Wednesday, January 25, 2012

First forays into raw feeding

I've been hibernating. The house is in the process of being prepared for sale (packing, painting, storing, staging...), dogs are demanding attention, work is work, and I've been fighting a pretty serious case of the blahs.

I've also been trying out a predominantly raw diet for the dogs. I've heard people extol the virtues of raw feeding: healthy teeth & gums, healthy coat, small poops, no dog-stink, improved energy levels, etc. I want in on the action. I'm intensely curious on how Cohen's condition might improve - she's always been fed high quality kibble (Orijen 6-Fish) and is in pretty dang good shape already. Mega might see more drastic results - she's not exactly in shape, and still smells a little yeasty.

To make matters more complicated, Cohen doesn't do well with chicken. Chicken for dinner normally results in diarrhea the next morning. She seems to have a rather sensitive GI tract. Megatron seems able to eat just about anything without any repercussions. Tinydog's insides are a well oiled machine.

So far I've been switching over pretty lazily. I've been buying premade patties, and supplying the dogs with the occasional bit of whole meat on bone. If I were in a position to jump in headfirst I'd want to source my own meats and provide more whole meals, but for now the patties are going to have to do.

Everything was going well until I gave Cohen a particularly large section of beef neck bones. In the past she's been fine chowing down on a vertebrae and it keeps her occupied for a good hour. I bought some larger sections and tossed one at the dog a few days ago (which she cleaned happily) and the following day Cohen was a mess. She threw up chunks of bone a couple times, had some vicious diarrhea, and was practically comatose until well into the afternoon. She refused a small chunk of raw food, but perked up after I got her to eat some kibble and drink a bit of water. She was feeling pretty sorry for herself. And now of course I'm worried about giving her another neck bone snack.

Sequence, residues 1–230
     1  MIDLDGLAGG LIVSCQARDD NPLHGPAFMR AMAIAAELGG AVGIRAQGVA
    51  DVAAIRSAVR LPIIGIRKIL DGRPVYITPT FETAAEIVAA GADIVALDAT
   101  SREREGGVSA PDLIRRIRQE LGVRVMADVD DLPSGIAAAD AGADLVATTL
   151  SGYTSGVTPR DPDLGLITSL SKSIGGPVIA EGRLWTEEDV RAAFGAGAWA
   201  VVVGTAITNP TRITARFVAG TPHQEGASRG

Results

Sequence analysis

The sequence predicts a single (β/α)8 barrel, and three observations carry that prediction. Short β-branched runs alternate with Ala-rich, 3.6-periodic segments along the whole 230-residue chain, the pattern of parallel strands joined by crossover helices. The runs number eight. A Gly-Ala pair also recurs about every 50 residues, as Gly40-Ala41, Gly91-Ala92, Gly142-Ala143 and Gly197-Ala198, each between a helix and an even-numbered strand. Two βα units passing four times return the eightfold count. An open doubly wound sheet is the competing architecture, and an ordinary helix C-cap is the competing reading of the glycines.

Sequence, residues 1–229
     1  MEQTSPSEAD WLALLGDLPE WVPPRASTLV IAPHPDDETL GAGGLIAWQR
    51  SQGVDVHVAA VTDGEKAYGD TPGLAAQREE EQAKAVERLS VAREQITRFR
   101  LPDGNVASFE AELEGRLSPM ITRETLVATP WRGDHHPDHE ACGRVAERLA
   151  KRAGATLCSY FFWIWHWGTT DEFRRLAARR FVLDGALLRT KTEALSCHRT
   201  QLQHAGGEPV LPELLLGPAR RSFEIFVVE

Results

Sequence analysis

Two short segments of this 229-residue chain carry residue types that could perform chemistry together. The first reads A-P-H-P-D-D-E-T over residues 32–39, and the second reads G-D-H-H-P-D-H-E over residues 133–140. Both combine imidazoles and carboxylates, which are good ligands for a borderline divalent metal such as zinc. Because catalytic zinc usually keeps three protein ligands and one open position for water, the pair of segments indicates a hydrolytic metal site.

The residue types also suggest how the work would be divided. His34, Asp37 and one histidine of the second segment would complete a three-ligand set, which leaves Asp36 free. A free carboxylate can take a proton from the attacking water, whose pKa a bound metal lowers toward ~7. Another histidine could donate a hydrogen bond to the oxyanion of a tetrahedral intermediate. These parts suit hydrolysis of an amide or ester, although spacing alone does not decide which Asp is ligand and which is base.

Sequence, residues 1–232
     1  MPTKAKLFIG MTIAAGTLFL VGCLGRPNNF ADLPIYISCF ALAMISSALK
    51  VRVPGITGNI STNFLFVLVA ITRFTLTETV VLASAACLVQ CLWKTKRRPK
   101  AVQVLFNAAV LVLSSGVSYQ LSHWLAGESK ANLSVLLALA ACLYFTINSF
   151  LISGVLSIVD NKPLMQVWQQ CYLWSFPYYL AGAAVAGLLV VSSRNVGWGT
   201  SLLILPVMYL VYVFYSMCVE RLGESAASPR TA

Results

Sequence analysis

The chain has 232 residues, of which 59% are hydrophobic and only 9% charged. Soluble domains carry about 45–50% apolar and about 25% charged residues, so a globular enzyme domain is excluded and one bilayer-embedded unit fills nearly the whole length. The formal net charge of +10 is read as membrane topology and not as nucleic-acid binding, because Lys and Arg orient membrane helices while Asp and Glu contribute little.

She's been fine since then, and eats frozen patties happily. We've been doing mostly raw for 2-3 weeks now, and I've yet to see any of those benefits I've been told about. I'll obviously keep up with it for a good few months before I really step back and assess her condition, but I'm a bit worried that I'm going to be experiencing the added effort and cost of the diet without seeing its supposed benefits. Only time will tell!

Does anyone have any stories of the changes they may or may not have seen upon starting their pups on raw? Tips? I would love to hear them.

3 comments:

  1. Commercial raw (patties/medallions/nuggets/ground meat in general) often doesn't do anything for the teeth and gums. Whole prey is much better for that, it's mentally and dentally stimulating. :)

    Cohen may be sensitive to poultry, which is always something you have to be aware of when you feed raw. Elli has multiple protein allergies (anything with wings or by-products of winged critters she cannot tolerate and breaks out into an itchy hivey mess). You may have to go the way of feeding whole fish and whole rabbit to get the dental benefits without the poultry.